11U: Ducks, Kings, Sharks
12U: Ducks, Kings, Sharks
13U: Ducks, Kings, Sharks
14U: Ducks, Kings, Sharks
15U: Ducks, Kings, Sharks
16U: Ducks, Kings, Sharks
18U: Ducks, Kings, Sharks, Reign
TOTAL TEAMS: 22

In three seasons, the  total AAA teams in California has dropped by more than a third. That’s an abnormally large amount. So what happened?

In 2015, then CAHA President, Steve Laing, set out to “fix” Tier I hockey in California:

November 21, 2015 -
Steve Laing reported that USA Hockey is working on a document to define “Tier I Hockey” as well as multiple scenarios that may prohibit clubs from fielding Tier I teams without perimeters.  Steve would like the CAHA Board of Directors to take a close look at the status of Tier I programs and advise on ways to improve Tier I performance at the state and national level.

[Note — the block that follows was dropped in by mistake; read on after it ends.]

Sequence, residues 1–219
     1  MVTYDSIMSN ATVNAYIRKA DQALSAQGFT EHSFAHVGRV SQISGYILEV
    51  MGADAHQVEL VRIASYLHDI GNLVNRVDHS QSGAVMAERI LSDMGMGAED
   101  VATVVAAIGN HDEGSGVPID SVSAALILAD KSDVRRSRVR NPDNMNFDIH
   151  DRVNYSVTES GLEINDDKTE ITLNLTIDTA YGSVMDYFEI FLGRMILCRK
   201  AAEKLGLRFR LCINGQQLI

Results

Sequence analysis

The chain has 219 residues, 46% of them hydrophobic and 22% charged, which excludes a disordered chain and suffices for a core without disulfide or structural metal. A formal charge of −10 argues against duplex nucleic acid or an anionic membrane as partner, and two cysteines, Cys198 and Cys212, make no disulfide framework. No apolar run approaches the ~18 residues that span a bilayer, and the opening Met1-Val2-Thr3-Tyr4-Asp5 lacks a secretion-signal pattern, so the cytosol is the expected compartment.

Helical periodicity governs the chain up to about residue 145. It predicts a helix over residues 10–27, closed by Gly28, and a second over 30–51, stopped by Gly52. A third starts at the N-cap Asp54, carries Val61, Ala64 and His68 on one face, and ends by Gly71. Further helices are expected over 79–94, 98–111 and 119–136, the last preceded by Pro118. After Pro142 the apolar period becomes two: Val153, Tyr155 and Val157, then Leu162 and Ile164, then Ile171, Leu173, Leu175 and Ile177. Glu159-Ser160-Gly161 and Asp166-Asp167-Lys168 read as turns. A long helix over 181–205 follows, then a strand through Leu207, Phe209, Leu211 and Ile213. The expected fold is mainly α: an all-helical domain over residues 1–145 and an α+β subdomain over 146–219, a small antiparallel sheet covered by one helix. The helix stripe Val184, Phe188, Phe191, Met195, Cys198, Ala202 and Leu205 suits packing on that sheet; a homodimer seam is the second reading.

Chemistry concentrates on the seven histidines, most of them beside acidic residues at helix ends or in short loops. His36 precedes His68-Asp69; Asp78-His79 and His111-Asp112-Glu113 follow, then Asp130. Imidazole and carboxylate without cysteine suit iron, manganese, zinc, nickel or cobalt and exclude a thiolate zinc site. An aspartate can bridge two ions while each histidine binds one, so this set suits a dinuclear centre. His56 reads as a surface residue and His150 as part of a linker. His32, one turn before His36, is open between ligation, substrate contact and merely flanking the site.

What followed was a “Special Meeting” in December, solely focused on Tier 1 hockey:

December 19, 2015  - Special Meeting to address Tier I hockey.
Missions Statement for Tier I hockey:
—Compete nationally
—Balance competition
—Prepare players to play at the highest level possible to represent our state.

A month later, CAHA enacted several new rules for Tier I hockey in California:

January 23, 2016
CAHA President, Steve Laing, introduces Scott Allegrini as the new CAHA Tier Program Committee Chair.
—The automatic bids for the three youth NHL-affiliated clubs.
—The limitation of up to 5 teams at each age division.
—Existing Tier I Programs that have proven longevity.
—Increase of PDR requirement.
—Deadline for declaration and submission of Tier I Application.

Additionally, Scott Allegrini discussed a “flight structure” and placement weekend for Tier II, which would set the stages for our current Tier II system.